It should stand to reason, that any religion or ideology that is able to transform a person from being in the depths of social and morals ills, to a person of proper moral conduct, would then be considered the truth alongside Christianity. If we’re going to use transformation as a measuring stick, Christianity itself does not fare so well as it offers nothing unique in that regard. The question that needs to be asked is, what is the one way in which accepting Christianity transforms a person that cannot be gained from any other ideology? By that standard, we can throw sexual immorality out of the window, along with alcoholism and drug abuse, as well as criminal and nefarious behaviour. The measuring stick suddenly becomes intangible: accepting Christianity transforms us by giving us peace with God, or by giving us a relationship with God.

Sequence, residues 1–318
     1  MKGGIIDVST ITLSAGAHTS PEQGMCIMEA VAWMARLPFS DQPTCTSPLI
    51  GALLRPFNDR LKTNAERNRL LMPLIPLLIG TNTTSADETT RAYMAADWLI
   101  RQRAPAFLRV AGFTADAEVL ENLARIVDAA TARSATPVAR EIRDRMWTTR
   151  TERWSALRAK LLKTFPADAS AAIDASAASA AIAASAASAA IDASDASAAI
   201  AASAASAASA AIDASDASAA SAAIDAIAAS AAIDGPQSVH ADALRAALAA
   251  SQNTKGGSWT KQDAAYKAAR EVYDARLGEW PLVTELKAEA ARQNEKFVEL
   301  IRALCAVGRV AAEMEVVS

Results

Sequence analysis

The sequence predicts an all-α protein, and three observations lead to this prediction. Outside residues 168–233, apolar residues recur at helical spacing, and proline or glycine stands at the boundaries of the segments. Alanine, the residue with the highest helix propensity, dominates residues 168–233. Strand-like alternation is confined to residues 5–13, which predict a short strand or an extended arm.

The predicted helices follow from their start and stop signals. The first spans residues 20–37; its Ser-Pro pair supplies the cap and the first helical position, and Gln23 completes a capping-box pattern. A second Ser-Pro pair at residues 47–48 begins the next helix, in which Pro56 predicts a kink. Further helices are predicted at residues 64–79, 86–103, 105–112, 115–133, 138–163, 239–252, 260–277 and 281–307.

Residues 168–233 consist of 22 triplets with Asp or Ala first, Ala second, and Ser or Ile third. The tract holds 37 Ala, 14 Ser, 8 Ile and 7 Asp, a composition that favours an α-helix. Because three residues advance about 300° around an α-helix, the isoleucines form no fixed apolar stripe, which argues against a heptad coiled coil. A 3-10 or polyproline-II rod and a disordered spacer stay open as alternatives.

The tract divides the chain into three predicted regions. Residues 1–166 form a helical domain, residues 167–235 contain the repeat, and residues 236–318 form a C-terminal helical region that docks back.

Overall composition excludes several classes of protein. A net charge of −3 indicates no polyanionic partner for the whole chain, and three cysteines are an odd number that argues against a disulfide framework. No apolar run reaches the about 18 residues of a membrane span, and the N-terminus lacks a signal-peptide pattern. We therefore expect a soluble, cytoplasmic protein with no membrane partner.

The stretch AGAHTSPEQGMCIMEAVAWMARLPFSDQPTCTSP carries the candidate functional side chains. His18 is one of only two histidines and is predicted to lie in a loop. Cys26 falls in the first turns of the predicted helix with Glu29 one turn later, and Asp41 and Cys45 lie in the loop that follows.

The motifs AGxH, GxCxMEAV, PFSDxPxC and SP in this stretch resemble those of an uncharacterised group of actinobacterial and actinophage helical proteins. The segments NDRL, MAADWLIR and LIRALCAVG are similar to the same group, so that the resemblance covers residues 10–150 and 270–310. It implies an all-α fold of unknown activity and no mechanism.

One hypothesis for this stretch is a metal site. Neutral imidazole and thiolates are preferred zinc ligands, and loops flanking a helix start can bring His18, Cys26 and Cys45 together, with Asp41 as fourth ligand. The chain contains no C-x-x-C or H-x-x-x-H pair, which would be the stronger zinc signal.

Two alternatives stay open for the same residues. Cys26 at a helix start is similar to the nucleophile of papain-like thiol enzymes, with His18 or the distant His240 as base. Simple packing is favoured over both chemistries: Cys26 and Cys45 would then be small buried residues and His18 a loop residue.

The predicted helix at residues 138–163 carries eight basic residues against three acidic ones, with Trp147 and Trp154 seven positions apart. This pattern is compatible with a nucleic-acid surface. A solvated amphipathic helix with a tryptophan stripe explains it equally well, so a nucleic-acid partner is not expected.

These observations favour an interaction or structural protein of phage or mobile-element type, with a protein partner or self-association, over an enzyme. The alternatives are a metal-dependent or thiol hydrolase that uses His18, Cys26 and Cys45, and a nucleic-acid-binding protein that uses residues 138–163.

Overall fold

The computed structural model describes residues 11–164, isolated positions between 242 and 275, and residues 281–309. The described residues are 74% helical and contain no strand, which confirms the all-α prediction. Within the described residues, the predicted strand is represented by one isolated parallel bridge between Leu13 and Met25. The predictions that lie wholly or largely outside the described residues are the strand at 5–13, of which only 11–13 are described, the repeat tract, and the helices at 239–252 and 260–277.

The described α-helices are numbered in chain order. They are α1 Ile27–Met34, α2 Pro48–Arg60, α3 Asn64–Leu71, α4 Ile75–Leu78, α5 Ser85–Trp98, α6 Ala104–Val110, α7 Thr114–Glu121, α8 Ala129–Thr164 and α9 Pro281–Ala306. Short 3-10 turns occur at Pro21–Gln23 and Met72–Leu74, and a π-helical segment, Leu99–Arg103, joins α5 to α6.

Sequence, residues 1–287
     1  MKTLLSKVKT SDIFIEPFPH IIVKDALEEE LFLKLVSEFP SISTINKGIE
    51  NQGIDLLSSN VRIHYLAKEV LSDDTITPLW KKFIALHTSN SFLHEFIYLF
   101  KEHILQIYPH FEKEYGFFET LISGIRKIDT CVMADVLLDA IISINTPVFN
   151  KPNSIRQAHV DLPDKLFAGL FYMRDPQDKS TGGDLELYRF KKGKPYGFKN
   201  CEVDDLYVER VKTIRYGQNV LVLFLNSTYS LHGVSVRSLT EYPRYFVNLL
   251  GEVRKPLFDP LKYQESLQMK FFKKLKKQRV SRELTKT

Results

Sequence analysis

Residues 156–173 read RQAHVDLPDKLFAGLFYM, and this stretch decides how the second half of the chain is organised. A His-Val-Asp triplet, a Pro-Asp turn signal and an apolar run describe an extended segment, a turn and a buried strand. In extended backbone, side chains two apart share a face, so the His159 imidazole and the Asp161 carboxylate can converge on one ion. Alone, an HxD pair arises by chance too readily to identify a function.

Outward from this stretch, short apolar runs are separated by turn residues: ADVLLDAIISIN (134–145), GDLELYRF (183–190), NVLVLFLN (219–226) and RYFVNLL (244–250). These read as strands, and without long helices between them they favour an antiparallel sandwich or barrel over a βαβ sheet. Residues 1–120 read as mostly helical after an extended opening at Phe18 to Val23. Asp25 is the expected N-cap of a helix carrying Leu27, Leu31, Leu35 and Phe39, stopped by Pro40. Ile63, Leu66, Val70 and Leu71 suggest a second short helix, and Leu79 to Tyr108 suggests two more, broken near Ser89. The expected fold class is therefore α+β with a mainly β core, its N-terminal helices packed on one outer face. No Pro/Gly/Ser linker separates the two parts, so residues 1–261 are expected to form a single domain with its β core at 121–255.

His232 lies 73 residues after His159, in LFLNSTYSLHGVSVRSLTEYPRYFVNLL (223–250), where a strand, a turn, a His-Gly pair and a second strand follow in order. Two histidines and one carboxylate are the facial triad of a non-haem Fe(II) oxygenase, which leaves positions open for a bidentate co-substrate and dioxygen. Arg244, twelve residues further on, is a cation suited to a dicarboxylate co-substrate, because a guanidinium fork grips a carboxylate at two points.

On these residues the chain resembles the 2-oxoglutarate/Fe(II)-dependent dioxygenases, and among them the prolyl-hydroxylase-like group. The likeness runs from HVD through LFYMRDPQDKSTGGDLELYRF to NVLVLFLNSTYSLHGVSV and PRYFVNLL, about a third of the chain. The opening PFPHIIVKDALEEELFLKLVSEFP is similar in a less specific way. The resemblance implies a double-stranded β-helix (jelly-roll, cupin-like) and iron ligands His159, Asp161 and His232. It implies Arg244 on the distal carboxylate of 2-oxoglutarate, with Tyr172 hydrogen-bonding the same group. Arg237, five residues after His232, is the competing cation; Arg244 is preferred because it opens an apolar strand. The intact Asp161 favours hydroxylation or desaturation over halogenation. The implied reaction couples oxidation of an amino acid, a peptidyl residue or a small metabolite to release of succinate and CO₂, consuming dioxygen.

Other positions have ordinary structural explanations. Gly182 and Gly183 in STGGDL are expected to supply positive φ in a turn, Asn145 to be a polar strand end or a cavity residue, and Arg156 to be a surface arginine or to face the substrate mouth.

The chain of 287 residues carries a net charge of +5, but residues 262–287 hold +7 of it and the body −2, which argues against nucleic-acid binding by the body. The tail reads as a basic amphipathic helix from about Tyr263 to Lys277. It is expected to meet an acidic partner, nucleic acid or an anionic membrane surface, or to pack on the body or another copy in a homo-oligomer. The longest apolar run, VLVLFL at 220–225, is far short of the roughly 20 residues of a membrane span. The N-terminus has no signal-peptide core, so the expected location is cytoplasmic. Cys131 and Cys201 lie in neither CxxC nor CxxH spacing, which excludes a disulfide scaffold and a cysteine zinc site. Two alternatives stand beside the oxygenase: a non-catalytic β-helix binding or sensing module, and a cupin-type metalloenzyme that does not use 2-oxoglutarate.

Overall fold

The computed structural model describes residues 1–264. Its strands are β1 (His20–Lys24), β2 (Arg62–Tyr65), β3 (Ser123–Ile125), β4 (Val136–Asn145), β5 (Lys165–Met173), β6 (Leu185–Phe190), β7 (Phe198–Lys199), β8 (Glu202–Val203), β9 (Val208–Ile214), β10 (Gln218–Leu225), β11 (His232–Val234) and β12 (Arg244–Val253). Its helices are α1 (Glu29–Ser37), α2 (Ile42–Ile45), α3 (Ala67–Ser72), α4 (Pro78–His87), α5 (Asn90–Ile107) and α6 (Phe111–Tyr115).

However, almost all of the three major Abrahamic faiths claim to offer inner peace. Attaining inner peace is not unique to Christianity. The Qur’an says:
It is He who sent down tranquillity into the hearts of the believers that they would increase in faith along with their [present] faith. And to Allah belong the soldiers of the heavens and the earth, and ever is Allah Knowing and Wise. – Qur’an 48:4.
Thus, the Christian claim of transformation as a proof of Christianity’s truth is not only falsifiable, it is difficult to reconcile with Christianity’s beliefs. Almost all claims to transformation are judged according to the fruits that one produces: